Beyond the observation of climatic variations and their impact on livelihoods, farmers' knowledge about climate change can help to understand how rural populations respond to environmental changes and what factors should be considered when planning rural adaptation. This study documents Sereer farmers' observations of local environmental changes in the Fatick region of Senegal and explores how the farmers use crop diversity to adapt to those changes. Their observations of environmental changes were documented through focus group discussions and semi-structured interviews. Variations in crop diversity, as well as farmers' explanations for these variations, were assessed through surveys in two villages (n = 126 households). Sereer farmers identify four distinct periods of similar climate trends and reported how they managed crop diversity in response to the climate variations between periods. Three management responses stand out: 1) abandonment of long-cycle varieties during drought periods, 2) adoption of short-cycle varieties during periods with shorter rainy seasons, and 3) reinstating of long-cycle varieties with the return of rains. Sereer farmers consider that climate variations are important reasons to modify their crop varieties, although variety selection is also affected by other socio-economic and cultural reasons. This study illustrates the contributions that local knowledge can bring to understanding the local impact of climate change on smallholder farmers. Understanding how they use crop diversity to adapt to climate variations can be the basis of climate change adaptation policies that address local needs and constraints.
Homogenization of crop portfolios from the field to the global scale is raising concerns about agricultural adaptation to climate change. Assessing whether such trends threaten farmers’ long-term adaptive capacity requires a thorough understanding of changes in their crop portfolios, identification of the drivers of change, and the implications such changes have for local nutrition and food production. We reviewed the available literature on farmers’ reports of climate-driven crop changes. Small-scale farmers tend to adopt water-demanding crops, even in areas where models predict that reduced rainfall will reduce yields. The adoption of horticultural cash-crops combined with the abandonment of subsistence cereals modifies farmers’ nutritional inputs in terms of calories and nutrients, potentially undermining their food security. Farmers’ knowledge contributes to understand trends in crop diversity and support the design of strategies for adaptation to climate change.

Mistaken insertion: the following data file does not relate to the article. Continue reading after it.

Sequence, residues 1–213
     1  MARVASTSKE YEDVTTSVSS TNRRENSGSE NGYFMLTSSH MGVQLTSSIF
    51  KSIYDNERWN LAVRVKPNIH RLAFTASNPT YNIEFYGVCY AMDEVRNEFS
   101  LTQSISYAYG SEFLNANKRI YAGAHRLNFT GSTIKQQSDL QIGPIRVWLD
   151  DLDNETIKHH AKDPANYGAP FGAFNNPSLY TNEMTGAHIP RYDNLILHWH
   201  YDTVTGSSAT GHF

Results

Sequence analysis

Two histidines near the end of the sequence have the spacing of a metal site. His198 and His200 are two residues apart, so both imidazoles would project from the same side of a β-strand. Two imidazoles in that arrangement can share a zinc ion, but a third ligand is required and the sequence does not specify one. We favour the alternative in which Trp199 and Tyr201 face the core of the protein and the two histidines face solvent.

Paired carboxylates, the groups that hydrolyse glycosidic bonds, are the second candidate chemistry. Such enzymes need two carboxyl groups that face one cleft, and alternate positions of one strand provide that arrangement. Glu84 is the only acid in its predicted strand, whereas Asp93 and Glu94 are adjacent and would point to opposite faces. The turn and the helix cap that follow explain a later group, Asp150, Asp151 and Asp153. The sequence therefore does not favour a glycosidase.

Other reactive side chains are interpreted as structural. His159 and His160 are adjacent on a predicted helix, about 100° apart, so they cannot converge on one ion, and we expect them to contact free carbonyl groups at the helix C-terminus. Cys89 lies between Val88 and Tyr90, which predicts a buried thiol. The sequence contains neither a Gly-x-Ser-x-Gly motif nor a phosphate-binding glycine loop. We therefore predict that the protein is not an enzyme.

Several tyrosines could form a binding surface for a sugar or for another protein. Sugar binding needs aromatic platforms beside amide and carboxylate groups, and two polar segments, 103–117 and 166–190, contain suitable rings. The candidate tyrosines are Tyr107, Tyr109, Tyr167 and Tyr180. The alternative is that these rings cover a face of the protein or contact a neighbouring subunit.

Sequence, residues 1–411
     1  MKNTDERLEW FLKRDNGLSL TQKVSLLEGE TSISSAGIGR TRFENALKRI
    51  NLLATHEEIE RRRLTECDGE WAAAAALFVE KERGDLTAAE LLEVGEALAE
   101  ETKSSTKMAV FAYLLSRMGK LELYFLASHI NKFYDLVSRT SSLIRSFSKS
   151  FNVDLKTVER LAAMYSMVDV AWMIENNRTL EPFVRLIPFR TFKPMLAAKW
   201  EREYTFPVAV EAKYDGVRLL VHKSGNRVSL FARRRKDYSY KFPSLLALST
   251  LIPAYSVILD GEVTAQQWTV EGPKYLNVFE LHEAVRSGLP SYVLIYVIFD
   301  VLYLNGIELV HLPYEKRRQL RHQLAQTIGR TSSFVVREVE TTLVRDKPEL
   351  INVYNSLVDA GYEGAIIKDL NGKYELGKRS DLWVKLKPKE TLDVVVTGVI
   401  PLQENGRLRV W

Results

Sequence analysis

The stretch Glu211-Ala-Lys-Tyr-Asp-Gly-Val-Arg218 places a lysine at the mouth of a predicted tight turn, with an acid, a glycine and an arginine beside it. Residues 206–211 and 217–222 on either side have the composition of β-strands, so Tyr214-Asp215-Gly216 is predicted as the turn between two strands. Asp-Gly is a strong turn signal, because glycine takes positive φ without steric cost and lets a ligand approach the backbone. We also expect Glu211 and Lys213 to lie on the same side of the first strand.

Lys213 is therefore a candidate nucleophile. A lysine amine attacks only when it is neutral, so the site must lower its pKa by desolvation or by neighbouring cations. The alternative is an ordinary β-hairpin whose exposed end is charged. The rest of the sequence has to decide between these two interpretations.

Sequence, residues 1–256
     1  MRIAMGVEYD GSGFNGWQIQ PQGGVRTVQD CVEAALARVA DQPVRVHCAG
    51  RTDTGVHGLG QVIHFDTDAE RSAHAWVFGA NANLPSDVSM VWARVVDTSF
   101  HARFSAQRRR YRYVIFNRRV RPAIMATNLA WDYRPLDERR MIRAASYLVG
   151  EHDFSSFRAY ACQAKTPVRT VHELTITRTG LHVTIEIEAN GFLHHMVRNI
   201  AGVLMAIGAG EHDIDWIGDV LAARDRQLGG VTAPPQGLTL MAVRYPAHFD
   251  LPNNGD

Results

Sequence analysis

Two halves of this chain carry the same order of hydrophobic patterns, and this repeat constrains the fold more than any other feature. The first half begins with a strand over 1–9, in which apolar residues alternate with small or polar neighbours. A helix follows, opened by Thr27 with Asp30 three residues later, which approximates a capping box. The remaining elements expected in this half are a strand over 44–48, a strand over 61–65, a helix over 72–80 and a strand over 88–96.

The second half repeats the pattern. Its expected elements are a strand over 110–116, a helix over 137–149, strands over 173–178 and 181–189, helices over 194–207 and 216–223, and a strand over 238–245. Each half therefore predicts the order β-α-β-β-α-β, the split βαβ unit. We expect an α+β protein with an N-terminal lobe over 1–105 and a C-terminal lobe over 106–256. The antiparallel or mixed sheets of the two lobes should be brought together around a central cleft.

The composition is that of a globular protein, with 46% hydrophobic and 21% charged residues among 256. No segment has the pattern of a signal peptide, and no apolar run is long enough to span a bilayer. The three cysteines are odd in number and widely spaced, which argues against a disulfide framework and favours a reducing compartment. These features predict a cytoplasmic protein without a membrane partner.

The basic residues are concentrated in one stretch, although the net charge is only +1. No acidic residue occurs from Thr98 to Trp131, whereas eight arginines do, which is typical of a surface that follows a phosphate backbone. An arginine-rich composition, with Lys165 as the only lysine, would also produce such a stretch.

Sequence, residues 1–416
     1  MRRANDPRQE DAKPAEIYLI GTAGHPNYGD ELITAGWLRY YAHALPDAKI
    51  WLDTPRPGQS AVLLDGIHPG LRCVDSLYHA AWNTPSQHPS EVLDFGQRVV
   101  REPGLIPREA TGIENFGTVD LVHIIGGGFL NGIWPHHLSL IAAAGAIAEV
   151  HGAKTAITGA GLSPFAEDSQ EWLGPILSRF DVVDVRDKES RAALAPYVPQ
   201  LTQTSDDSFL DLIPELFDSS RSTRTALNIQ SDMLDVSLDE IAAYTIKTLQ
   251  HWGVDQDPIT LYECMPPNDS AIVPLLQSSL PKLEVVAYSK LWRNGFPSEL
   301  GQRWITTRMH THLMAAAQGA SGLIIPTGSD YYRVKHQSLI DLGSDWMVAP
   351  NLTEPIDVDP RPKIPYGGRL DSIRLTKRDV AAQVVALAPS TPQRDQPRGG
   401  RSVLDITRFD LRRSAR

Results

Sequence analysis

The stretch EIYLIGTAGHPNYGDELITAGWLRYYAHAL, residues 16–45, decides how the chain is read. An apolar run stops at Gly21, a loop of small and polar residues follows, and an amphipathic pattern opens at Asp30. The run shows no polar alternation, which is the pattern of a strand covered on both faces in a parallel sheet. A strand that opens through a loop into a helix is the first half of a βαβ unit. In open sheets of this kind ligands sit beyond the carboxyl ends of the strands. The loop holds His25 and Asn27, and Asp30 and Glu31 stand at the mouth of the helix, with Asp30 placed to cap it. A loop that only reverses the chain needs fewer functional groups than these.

There are minimally 370 million Indigenous people in the world. The term Indigenous was not used to identify human groups until recently. Indigenous people are often identified as the First People of a specific regional area. Indigeneity as applied to First People came into use in the 1990s, as many colonized communities fought against erasure, genocide, and forced acculturation under colonial regimes. An often-cited definition of Indigenous peoples is one by Jose Martinez Cobo, special rapporteur for the UN Sub-Commission. Cobo’s 1986 report was completed for the United Nations Economic and Social Council, Commission on Human Rights, Sub-Commission on Prevention and Discrimination and Protection of Minorities, thirty-fifth session, item 12 of the provisional agenda, titled, “Study of the Problem of Discrimination against Indigenous Populations.” Cobo described Indigenous people, communities, and nations as groups that have a “historical continuity with pre-colonial societies” within territories they developed, and as communities that “consider themselves distinct from other sectors of societies” now in their territories. Cobo further stressed that Indigenous people and communities are minorities within contemporary populations that work to preserve their ethnic identities and ancestral territories for future generations. It is important to include displaced people whom prior to colonization identified with specific land areas or regional areas as homelands, as well as Indigenous communities that have for decades been in hiding in areas away from their initial homeland areas. Many descendants of Indigenous people were forced to hide their identities for their own safety due to colonization and genocidal policies focused on physical and cultural erasure. That does not make them non-Indigenous. It makes them survivors of genocide, erasure, and forced acculturation. Many Indigenous people are just coming to terms with the impact of ethnic cleansing and the work to reclaim and revive their identities and cultures. Indigenous is both a legal term, and a personal, group, and pan-group identity. Scholars have argued there are at least four thousand Indigenous groups, but that number is likely very low. Indigeneity is not as simple as an opposition to identity erasure or a push back against colonization. Indigeneity is woven through diverse experiences and histories and is often described as a pan-political identity in a postcolonial time. However, that can be misleading, as the world does not yet exist in a postcolonial state, despite ongoing concerted efforts by Indigenous people and their allies in political and academic spheres to decolonize institutions and communities. Diverse Indigenous communities weave Indigeneity through a multifaceted array of space and time to revive identities and cultural practices and to regain or retain land, human rights, heritage, and political standing.